Noisecat Sunday Sunset Airlines February, Korea Buy a digital copy for $7 here. One of the nicest things about doing a music blog is that people begin to come out of the woodwork, offering to turn you on to music from their own part(s) of the world that for, whatever reason, you've given short shrift to. Noisecat, who I "discovered" thanks to a guy currently based in Seoul going by the name of "Male Cousin" who put this mix of South Korean pop (as opposed to K-Pop) together for us last month, is a bit like one of those American bands from the 1990s who wishes they were British and it was the 60s (e.g., the Dandy Warhols or Brian Jones Massacre). They remind this listener a bit of 22Cats and Guitar Vader--my nerdy, hipster-hat-y, "look how much I know about shit" way of saying that I've quickly grown very, very fond of them. As, come to think of it, so might you.
Listen to "Running"
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Mati Zundel Amazonica Gravitante March, Argentina Procure an MP3 version of this album for $8.99 here. Anyone remember the Nortec Collective? Well, a similar movement is afoot in Buenos Aires, Argentina, where musicians like Zundel and others associated with Zizek (aka ZZK) Records are blending electronica with local forms, such as cumbia. A fitting thing to be happening in a city about which the great Japanese photographer Daido Moriyama once said "the epic and lyrical meet."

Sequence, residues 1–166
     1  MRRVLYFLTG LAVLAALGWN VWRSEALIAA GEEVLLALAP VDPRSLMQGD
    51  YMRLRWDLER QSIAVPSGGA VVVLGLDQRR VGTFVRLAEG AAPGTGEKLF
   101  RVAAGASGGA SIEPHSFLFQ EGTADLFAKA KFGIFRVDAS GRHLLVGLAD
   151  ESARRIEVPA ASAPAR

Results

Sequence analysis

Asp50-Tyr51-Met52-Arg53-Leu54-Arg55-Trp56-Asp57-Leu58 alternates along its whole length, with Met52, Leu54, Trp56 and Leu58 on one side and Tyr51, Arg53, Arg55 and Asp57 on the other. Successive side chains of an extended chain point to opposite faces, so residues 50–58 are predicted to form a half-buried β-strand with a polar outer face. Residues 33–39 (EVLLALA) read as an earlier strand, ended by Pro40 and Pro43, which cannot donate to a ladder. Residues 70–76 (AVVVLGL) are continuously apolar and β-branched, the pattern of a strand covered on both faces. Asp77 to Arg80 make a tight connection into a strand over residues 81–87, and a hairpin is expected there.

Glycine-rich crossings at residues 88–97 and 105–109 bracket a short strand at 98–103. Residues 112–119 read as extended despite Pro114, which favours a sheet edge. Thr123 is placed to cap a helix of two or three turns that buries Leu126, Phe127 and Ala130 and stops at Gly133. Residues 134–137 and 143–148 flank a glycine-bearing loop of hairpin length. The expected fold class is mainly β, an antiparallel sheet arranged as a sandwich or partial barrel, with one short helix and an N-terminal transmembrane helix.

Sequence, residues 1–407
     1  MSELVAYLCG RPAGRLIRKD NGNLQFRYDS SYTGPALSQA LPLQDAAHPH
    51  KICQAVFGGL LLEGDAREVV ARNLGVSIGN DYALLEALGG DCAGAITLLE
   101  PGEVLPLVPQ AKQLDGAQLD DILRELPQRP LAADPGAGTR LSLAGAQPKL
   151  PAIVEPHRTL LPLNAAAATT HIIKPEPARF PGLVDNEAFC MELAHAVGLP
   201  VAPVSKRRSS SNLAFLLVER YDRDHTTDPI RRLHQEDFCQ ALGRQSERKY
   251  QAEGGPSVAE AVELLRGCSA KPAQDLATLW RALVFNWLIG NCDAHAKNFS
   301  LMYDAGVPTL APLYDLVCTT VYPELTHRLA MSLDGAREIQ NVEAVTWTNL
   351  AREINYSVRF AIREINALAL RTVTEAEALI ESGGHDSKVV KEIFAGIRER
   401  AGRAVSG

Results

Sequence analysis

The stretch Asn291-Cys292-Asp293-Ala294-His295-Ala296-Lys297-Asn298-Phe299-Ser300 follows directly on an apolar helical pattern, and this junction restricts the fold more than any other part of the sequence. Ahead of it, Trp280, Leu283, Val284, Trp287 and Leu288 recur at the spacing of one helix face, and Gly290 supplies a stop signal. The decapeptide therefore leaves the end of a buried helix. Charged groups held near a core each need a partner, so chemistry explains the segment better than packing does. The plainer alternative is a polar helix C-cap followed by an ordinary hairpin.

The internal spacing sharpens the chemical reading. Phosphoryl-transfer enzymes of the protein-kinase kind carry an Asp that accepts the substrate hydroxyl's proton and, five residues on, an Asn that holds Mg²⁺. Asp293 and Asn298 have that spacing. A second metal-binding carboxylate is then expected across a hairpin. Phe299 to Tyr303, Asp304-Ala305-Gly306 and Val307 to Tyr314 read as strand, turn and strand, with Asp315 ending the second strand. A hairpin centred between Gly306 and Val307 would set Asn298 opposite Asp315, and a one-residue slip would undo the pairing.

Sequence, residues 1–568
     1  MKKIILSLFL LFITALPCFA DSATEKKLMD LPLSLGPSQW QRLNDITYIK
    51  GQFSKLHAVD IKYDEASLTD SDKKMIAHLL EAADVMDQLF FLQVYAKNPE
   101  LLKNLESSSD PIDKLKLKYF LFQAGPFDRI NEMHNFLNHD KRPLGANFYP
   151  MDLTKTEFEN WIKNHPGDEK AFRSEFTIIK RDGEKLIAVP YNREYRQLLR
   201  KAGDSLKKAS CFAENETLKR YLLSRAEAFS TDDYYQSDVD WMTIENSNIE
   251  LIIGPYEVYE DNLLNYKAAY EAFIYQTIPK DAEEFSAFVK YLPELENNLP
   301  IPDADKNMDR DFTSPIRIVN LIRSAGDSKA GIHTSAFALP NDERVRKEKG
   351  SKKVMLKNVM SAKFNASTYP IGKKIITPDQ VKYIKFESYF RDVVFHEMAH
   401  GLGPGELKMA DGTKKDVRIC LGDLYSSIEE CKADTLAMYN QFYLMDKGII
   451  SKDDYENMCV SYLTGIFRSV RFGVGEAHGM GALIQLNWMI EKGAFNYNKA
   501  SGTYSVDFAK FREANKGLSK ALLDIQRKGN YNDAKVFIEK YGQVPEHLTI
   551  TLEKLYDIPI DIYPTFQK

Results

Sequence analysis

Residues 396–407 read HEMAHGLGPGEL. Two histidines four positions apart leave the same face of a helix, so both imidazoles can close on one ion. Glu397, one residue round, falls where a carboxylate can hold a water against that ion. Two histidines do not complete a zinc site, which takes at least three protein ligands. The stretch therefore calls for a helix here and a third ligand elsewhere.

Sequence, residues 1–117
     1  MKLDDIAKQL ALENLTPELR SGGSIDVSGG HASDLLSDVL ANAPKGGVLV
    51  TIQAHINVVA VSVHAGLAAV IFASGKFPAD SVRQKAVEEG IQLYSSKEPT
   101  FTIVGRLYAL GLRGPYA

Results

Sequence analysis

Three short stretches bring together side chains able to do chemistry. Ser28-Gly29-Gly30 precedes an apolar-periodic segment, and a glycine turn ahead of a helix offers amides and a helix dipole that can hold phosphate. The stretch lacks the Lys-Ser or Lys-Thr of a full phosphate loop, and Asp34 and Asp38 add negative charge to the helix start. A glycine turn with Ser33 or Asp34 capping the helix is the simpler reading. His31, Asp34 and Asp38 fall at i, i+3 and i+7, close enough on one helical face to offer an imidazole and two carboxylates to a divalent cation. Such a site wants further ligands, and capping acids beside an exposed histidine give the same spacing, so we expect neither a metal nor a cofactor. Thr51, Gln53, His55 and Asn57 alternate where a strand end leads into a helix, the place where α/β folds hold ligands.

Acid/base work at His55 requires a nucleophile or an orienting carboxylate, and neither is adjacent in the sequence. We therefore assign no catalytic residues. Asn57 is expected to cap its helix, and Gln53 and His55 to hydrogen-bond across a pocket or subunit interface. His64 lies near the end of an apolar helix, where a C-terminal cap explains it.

Listen to "Bronca"
* * *
The Yellow Dogs Upper Class Complexity May, USA/Iran Get the 4-song EP for $4 here. My first experience of this four-piece was a live performance at the Brooklyn Bowl that I witnessed with my friend Carol in October that completely blew both of us away. After that, we became obsessed with the group: we downloaded all of their available music and watched No One Knows about Persian Cats, a film about the underground music scene in Tehran that the Yellow Dogs appeared in. I even begged my editor at Open City to let me write about them. A self-described dance-punk unit (we hear a bit of Gang of Four and Siouxie and the Banshees, yeah?), the Dogs are currently living in Brooklyn and working on a full-length collection of new songs that they hope to have ready some time next year. Listen to "This City"
* * *
Sharliza Jelita Strange Things June, UK/Singapore Seize your own digital copy ($12.88) or autographed CD ($16.10) here. This album is to pop music what Falai's Elementi is to dessert offerings: decadent, fruity and a bit self-consciously exotic. (That's Carmen Miranda in the lower right quadrant, btw.) This record--Jelita's first after having moved from Singapore to apparently still-swinging London--lays down one sugar-filled gnosh after another--from the one-two (fruit) punch of openers "No Go Pogo" and "Is That Your Underwear on the Floor?" to the heartbreakingly gorgeous "Breaks My Heart in Two" and curtain-closing title song. But what I love most about Strange Things is how it can feel simultaneously pop-pitch-perfect and amateurishly awkward ("I Want More Sun"? "Credit Crunch"?), as though, hey look!, one of your best friends made a record and you're sort of obligated to listen to it, but actually, whoa, wait: It totally doesn't suck. Listen to "Breaks My Heart in Two"